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Motorcyclist Struck By Tractor-Trailer’s Exploding Tire

A male Festus, Missouri resident was struck by an airborne tire tread that exploded from the wheel of a tractor-trailer when the resident was traveling on Interstate 44 on his motorcycle. The motorcyclist was struck on June 13, 2012 at 1:25pm in Phelps County.

Kenneth A. McGugin was traveling on eastbound I-44 in a 1995 Peterbilt Tractor-Trailer shortly before the accident occurred. John D. Rust was traveling on his 2009 Triumph Motorcycle on eastbound I-44 in an adjacent lane from McGugin’s tractor-trailer. McGugin attempted to pass Rust but a tire tread spontaneously exploded from one of the wheels of the tractor-trailer. The tire tread was subsequently forced into the air and struck Rust. Rust’s motorcycle did not sustain any kind of damage, but Rust sustained minor injuries due to the tread striking him. The tractor-trailer only sustained minor damage due to the loss of its tire tread.

Missouri State Highway Patrol recognized that Rust sustained moderate injuries and requested for medical attention for Rust’s injuries. Rust was subsequently transported to Regional Medical Center in Rolla, Missouri by Phelps County Ambulance services.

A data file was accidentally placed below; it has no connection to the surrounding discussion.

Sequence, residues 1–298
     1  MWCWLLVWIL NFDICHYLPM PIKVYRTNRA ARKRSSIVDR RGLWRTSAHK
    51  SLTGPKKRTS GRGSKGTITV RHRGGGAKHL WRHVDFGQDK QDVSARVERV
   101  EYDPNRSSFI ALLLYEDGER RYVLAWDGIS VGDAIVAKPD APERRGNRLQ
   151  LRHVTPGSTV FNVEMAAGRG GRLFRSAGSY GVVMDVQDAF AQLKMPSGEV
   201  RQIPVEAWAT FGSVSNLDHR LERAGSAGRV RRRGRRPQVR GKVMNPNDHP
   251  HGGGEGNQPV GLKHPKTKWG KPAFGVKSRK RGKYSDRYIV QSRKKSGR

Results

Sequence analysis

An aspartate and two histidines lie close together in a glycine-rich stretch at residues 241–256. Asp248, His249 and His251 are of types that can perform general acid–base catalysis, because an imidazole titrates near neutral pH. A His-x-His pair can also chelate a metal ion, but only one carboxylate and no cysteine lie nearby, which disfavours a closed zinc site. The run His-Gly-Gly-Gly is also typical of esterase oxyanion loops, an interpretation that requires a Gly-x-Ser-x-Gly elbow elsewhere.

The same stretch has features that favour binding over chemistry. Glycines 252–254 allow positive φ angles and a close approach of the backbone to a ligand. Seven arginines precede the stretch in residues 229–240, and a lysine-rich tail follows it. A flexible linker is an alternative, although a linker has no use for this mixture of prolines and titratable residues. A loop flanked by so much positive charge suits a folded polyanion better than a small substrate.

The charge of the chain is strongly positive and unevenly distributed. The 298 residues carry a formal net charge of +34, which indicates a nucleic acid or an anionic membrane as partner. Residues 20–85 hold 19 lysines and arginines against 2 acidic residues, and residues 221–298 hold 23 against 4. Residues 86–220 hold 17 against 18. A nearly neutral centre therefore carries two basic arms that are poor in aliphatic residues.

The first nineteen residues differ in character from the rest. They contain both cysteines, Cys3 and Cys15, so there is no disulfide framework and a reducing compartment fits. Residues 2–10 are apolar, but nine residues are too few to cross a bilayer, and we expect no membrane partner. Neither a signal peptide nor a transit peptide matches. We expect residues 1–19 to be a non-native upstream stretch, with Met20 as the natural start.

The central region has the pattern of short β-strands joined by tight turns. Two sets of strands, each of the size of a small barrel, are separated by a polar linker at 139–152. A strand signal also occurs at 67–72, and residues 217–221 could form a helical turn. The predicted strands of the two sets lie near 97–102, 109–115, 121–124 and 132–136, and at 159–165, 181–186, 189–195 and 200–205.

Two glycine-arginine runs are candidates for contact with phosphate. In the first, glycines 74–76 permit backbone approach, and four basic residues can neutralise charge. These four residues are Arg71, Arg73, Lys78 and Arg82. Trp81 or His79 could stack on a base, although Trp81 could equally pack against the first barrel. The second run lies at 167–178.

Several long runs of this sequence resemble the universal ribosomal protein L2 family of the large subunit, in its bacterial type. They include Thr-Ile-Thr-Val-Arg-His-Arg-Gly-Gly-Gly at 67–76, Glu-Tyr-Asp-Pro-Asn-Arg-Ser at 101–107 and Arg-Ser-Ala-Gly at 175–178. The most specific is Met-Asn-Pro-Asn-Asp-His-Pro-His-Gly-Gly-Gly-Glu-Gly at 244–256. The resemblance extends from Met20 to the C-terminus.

Missouri statute § 304.016 sets forth certain procedures for passing vehicles on roadways. Normally, a driver of any motor vehicle must pass another vehicle on the left-hand side when attempting to pass a vehicle traveling in the same direction. Passing to the right-hand side is often forbidden unless certain conditions are met (the overtaken vehicle is about to make a left turn or the drivers are on a “city street with unobstructed pavement of sufficient width for two or more lines of vehicles in each direction). However, even proper passing of vehicles can only do so much when something unexpected occurs, such as a sudden loss of control of the vehicle or something coming off of the vehicle as to endanger adjacent vehicles. When passing a vehicle, it is always possible that something can expose an adjacent vehicle to danger such as attached equipment coming loose and potentially striking an adjacent vehicle or the sudden destruction of tire treads striking adjacent vehicles.

In this scenario, especially for truck drivers that may operate in Missouri, the risks of any piece of equipment or part of a large semi-truck or tractor-trailer and subsequently striking adjacent motorists are always present. Federal safety regulations often require semi-trucks to be in good repair and of good construction to make sure nothing comes loose during traveling. This even includes making sure that a semi-truck’s tires are sufficiently in good repair. In a scenario such as this news story, it would still be best to contact a Missouri semi-truck lawyer for advice. In a Missouri semi-truck accident, there are always small components concerning a semi-truck accident that may reveal a semi-truck accident to truly be a scenario of negligence or more as opposed to a mere unexpected accident.